Lovely music, a simple yet powerful concept, and a surprise ending really make this clip magical and an inspiration for women all over the world.
Girls are bombarded with messages from a very young age telling them that they can’t, that is too big, this is too heavy, those are too much.
Elaine Hamel founded Girls at Work, Inc. in 2000 because to her, empowerment isn't just a buzzword but a way of life. Their mission is to challenge traditional norms and normalize girl power, focusing specifically on uplifting and supporting inner city girls between the ages of 8 and 18, who need stability, safety, and confidence.
The girls attending summer camps or after-school programs work in groups and learn how to problem solve, communicate, and use tools to build something practical. Hamel believes that learning how to use power tools shows the girls that they can do anything they put their minds to, better preparing them for a bright future.
Photo courtesy of TD Bank
Elaine's forward-thinking, positive leadership, and passion for the community is exactly why TD Bank chose to honor her for the 2022 #TDThanksYou campaign, a North American campaign demonstrating the bank’s gratitude and commitment to their customers by celebrating, recognizing, and thanking unsung heroes in exciting and meaningful ways. Hamel is one of six honorees recognized this year and was presented with power tools and gift certificates to purchase additional items needed to enhance the program.
Hamel understands what it feels like to hear the word “can’t.” Growing up, she struggled to find her place in a world that seemed to be built by, and for, men. As a kid she loved to “create or fix things” and always found something to tinker with. Before long, she discovered not only did she enjoy building and repairing things, but she was very good at it.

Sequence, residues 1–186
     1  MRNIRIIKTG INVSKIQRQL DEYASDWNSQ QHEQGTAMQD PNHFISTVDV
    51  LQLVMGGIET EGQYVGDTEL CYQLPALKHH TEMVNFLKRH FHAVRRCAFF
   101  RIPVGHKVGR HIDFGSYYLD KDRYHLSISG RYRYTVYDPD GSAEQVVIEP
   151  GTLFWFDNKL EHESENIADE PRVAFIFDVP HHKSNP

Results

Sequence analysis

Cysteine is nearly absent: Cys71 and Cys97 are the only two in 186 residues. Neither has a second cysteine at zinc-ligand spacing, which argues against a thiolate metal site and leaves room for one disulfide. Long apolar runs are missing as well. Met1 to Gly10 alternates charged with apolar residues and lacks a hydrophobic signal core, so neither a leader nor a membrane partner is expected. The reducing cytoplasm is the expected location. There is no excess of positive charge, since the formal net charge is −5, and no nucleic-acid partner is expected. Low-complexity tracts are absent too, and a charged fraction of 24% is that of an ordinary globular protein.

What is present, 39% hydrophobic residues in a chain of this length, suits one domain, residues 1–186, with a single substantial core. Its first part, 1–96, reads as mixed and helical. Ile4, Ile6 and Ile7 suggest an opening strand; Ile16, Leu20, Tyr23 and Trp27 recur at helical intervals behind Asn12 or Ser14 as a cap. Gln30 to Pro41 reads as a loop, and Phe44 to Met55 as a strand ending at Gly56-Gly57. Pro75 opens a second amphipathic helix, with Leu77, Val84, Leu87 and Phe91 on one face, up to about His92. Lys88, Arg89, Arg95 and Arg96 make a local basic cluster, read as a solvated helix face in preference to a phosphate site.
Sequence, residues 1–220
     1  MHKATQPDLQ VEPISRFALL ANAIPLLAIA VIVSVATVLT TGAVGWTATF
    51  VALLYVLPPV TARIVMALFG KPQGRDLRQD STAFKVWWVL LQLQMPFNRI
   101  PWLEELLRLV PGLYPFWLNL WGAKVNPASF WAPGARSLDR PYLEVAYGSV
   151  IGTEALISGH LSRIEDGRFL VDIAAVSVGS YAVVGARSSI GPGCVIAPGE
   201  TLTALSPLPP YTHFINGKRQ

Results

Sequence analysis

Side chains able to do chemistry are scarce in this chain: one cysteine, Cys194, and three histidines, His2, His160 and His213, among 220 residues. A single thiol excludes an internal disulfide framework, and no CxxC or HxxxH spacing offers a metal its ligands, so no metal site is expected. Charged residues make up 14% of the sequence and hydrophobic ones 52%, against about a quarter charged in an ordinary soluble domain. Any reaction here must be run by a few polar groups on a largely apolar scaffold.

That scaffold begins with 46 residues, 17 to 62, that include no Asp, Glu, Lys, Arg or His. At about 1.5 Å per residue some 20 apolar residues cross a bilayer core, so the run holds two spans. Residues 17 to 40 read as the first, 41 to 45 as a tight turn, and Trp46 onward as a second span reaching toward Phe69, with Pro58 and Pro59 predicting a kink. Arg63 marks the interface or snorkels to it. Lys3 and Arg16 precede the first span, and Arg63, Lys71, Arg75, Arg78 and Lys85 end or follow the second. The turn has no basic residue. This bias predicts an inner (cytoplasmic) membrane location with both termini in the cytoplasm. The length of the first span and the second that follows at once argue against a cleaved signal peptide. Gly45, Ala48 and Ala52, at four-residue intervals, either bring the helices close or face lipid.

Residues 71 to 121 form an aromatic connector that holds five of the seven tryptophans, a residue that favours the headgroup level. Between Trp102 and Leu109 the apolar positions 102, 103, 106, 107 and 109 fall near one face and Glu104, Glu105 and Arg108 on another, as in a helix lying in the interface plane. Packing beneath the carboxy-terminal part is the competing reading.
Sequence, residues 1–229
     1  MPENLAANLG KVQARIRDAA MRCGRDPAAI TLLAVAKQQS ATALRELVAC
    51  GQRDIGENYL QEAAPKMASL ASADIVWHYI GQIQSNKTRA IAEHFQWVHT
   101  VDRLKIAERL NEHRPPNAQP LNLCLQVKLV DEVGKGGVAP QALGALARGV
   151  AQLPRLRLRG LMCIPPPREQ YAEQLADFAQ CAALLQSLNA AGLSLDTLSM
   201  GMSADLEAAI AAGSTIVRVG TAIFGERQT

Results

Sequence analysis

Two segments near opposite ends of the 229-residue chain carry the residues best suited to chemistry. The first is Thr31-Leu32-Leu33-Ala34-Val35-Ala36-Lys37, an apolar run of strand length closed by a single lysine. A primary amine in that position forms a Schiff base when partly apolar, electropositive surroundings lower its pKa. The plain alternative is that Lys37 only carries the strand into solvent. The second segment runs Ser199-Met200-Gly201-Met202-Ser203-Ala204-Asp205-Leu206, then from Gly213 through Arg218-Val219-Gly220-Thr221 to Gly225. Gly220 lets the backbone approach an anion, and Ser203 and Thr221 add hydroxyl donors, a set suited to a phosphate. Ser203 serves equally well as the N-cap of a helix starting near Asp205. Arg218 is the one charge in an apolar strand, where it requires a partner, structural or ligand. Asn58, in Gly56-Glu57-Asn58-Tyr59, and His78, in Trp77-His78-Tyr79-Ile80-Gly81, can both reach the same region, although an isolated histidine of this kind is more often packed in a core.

She spent the next several decades breaking down the multitude of barriers that a woman pursuing a career as a general contractor faced in the 1980s and 1990s.
“It was really brutal when I first started out in construction,” Hamel said. “The men were so cruel. But I grew up with five brothers and I was used to it. I told myself I’d be the boss one day…and now I am.”
Photo courtesy of TD Bank
The process of learning how to become stronger and more confident in her natural abilities sent her career soaring, and drives her life’s work—empowering girls to take up space and take control of their own lives.
“These are kids who grapple with neglect, food insecurity, and extreme poverty,” said Hamel. “They’re not soaring in school because they’re in survival mode. They’re hungry and unable to focus and learn.” Hamel’s solution is a fully stocked food pantry, where the girls can shop for groceries before heading home. Girls at Work, Inc. also has a “kindness closet,” stocked with clothing, shoes, outerwear and other items.